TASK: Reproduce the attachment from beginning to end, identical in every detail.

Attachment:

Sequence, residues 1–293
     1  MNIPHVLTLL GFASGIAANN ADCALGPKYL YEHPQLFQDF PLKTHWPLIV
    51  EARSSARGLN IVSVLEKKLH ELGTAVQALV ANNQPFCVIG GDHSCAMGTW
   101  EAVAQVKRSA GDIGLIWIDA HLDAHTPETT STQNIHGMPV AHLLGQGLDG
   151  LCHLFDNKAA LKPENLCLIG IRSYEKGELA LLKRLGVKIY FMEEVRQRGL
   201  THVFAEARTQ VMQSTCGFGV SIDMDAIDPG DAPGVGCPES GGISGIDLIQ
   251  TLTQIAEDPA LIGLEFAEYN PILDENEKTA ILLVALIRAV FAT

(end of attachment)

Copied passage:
Sequence, residues 1–293
     1  MNIPHVLTLL GFASGIAANN ADCALGPKYL YEHPQLFQDF PLKTHWPLIV
    51  EARSSARGLN IVSVLEKKLH ELGTAVQALV ANNQPFCVIG GDHSCAMGTW
   101  EAVAQVKRSA GDIGLIWIDA HLDAHTPETT STQNIHGMPV AHLLGQGLDG
   151  LCHLFDNKAA LKPENLCLIG IRSYEKGELA LLKRLGVKIY FMEEVRQRGL
   201  THVFAEARTQ VMQSTCGFGV SIDMDAIDPG DAPGVGCPES GGISGIDLIQ
   251  TLTQIAEDPA LIGLEFAEYN PILDENEKTA ILLVALIRAV FAT